Almost three years from the date of the KIC order, there finally seems to be some action on the front.
In January this year, in view of several applications by RTI activists over the years and representations filed by apartment owners to ensure proper implementation and desired amendments in KOFA/KAOA, the Urban Development Department (UDD) decided to form a Committee to look into the contradictions and loopholes in the two Acts and form a new comprehensive legislation that would address all issues.
According to circulars published on the UDD website in late January, the Committee would be comprised of senior officials from the Department of Town Planning, BBMP, BDA, Department of Parliamentary Affairs, and Department of Co-operative Societies. Apart from weighing the recommendation of these departments and other civil society representatives, the Committee would also look into the central Model Apartment Ownership Bill sent to the state for consideration.
Based on all recommendations, opinions and suggestions received, the UDD would frame a single new Act. The circular also specified that the task of drafting the new Act would be entrusted to one Panduranga M Naik, a lawyer, and he would be asked to submit the draft within a month. No further details on Mr. Naik, or the reason behind choosing him for the exercise, were shared.
Muralidhar Rao, member of civic advocacy group Praja RAAG and a key crusader in this cause, shares that at a subsequent meeting convened by the Directorate of Town and Country Planning (DTCP), it was mentioned that the lawyer would be preparing his draft as an independent exercise and that would not be shared or discussed with the Directorate or any other groups.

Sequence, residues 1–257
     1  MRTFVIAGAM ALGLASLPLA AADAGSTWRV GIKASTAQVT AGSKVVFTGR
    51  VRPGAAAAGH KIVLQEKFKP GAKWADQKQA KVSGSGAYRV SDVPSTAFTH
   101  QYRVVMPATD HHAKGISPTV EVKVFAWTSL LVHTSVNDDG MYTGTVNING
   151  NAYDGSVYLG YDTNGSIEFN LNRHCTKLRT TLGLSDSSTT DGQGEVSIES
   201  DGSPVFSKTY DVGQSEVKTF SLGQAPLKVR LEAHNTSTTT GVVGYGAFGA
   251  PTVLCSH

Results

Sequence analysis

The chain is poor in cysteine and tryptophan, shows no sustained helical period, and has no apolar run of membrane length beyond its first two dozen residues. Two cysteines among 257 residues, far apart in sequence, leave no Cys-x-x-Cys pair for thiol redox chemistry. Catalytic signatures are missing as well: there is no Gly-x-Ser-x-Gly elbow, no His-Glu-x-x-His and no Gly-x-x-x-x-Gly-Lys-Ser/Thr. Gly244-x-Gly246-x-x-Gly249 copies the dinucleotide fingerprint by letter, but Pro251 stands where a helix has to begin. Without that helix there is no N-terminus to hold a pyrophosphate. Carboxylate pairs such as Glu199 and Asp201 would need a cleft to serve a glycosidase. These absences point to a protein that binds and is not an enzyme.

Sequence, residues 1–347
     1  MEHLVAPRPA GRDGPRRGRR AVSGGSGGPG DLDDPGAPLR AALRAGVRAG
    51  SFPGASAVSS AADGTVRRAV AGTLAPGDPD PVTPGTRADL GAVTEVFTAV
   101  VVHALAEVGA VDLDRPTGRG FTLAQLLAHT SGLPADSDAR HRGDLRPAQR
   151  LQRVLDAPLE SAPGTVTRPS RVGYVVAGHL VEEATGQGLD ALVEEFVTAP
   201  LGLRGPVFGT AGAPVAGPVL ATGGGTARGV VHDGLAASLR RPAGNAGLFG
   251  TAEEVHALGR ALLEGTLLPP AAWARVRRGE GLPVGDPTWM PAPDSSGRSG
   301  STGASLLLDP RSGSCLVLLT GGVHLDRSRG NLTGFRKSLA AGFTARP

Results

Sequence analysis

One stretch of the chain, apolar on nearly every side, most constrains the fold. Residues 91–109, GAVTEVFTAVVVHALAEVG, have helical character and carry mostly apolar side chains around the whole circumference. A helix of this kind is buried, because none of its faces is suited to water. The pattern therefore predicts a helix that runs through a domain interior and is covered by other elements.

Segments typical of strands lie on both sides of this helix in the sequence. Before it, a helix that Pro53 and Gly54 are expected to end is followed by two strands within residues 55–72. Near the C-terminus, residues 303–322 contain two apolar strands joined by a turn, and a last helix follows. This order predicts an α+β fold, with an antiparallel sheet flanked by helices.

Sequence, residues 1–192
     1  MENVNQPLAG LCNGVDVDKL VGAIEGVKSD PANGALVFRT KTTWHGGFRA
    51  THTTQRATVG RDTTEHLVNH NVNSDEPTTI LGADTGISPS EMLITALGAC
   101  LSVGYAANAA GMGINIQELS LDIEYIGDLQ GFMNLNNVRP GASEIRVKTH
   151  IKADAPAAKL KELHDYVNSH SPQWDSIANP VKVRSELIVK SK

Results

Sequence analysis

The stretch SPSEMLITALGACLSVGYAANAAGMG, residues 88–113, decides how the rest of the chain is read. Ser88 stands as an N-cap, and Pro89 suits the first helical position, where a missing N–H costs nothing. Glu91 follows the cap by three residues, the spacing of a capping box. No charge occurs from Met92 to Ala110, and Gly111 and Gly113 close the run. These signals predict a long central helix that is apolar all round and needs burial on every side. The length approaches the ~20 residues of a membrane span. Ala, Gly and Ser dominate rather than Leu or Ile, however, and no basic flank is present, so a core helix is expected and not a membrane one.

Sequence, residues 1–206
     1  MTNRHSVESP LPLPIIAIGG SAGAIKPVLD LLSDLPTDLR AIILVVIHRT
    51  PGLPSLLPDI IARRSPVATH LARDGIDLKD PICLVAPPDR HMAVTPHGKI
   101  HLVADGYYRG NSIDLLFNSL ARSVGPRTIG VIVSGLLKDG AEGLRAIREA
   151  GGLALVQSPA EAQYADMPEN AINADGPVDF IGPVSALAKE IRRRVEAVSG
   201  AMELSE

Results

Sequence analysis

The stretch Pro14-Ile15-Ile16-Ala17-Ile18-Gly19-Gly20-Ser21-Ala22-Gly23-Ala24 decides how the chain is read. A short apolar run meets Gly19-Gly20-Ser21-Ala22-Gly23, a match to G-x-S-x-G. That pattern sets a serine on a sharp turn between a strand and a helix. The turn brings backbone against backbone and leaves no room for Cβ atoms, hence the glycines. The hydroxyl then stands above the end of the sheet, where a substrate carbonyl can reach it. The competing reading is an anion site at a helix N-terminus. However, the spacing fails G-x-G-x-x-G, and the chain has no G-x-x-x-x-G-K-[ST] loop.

Since formation, the Committee has held several rounds of meeting, inviting representatives from civil society who have in the past highlighted the real problems arising from the lacunae in existing rules and non-compliance. The chief of the Bangalore chapter of the Confederation of Real Estate Developers’ Associations of India (CREDAI) has also been a part of these consultations.
Ajit N Naik, a retired bank officer who lives in a Mantri apartment on Bannerghata Road and has long been pushing for amendments in apartment laws, was one of the individuals to have attended the first of these meetings in end-January on invitation from the UDD; he says that the Committee circulated a copy of the Model Apartment Act of Central Government received by them at the meeting. They also circulated a letter received by the government from the Housing Department of Central Government seeking information on the status of implementation of Apartment Act in the state and further suggestions if any for improving the central Model Apartment Act.
On the 7th of March, Sanjay Vijayaraghavan, a citizen who has worked extensively on researching apartment laws and come up with a detailed report on ‘Laws governing Apartment ownership in Karnataka’ and related issues under the aegis of civic advocacy group Praja RAAG, made his recommendations to the Director of Town and Country Planning in a detailed letter. Vijayaraghavan is an engineer by profession and is the author of the Citizen Matters article referred to earlier.
Some of the key suggestions he made to the Department were as follows:
- Ensure that specifications of details about the apartment, limited common areas and common areas including all facilities such as gym, pool, STP, WTP, pumps, fire protection systems etc. are provided before the sale deed is signed and registered, and any advance is paid by the buyer.
- Appoint a competent regulatory authority to ensure compliance and resolve disputes under the legislation.
- Make KAOA the only law under which apartment societies may be registered in Karnataka and remove ambiguities in KOFA (Section 10) that refer to possibilities of forming apartments as co-operatives and companies.
- Make it mandatory for builders/promoters of apartments under construction to submit the property under KAOA by filing a Deed of Declaration; the registrar’s office should strictly enforce this requirement.
- Determine percentage ownership of undivided share of land and common areas based on the ratio of area of the apartment to the total area of all apartments.
- For apartments sold but not registered correctly under KAOA – either due to ignorance or blatant miscommunication by builders and developers – provide measures by which these may be converted to ‘compliant properties’ within a reasonable time frame after amendments are passed.
- Ensure strict penalties for non-compliance with any of the provisions.